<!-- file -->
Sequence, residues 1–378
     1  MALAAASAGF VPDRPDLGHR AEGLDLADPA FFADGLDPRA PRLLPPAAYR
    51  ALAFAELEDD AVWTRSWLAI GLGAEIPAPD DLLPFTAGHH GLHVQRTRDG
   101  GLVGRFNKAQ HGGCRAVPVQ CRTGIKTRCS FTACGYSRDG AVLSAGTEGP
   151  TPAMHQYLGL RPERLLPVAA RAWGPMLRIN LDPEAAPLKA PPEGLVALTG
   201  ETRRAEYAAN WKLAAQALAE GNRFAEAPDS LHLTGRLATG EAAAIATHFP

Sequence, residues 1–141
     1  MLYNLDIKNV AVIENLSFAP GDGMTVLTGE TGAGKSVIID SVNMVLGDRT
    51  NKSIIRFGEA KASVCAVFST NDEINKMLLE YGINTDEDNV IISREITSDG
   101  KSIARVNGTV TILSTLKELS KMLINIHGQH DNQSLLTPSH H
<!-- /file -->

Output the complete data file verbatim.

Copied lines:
Sequence, residues 1–378
     1  MALAAASAGF VPDRPDLGHR AEGLDLADPA FFADGLDPRA PRLLPPAAYR
    51  ALAFAELEDD AVWTRSWLAI GLGAEIPAPD DLLPFTAGHH GLHVQRTRDG
   101  GLVGRFNKAQ HGGCRAVPVQ CRTGIKTRCS FTACGYSRDG AVLSAGTEGP
   151  TPAMHQYLGL RPERLLPVAA RAWGPMLRIN LDPEAAPLKA PPEGLVALTG
   201  ETRRAEYAAN WKLAAQALAE GNRFAEAPDS LHLTGRLATG EAAAIATHFP

Sequence, residues 1–141
     1  MLYNLDIKNV AVIENLSFAP GDGMTVLTGE TGAGKSVIID SVNMVLGDRT
    51  NKSIIRFGEA KASVCAVFST NDEINKMLLE YGINTDEDNV IISREITSDG
   101  KSIARVNGTV TILSTLKELS KMLINIHGQH DNQSLLTPSH H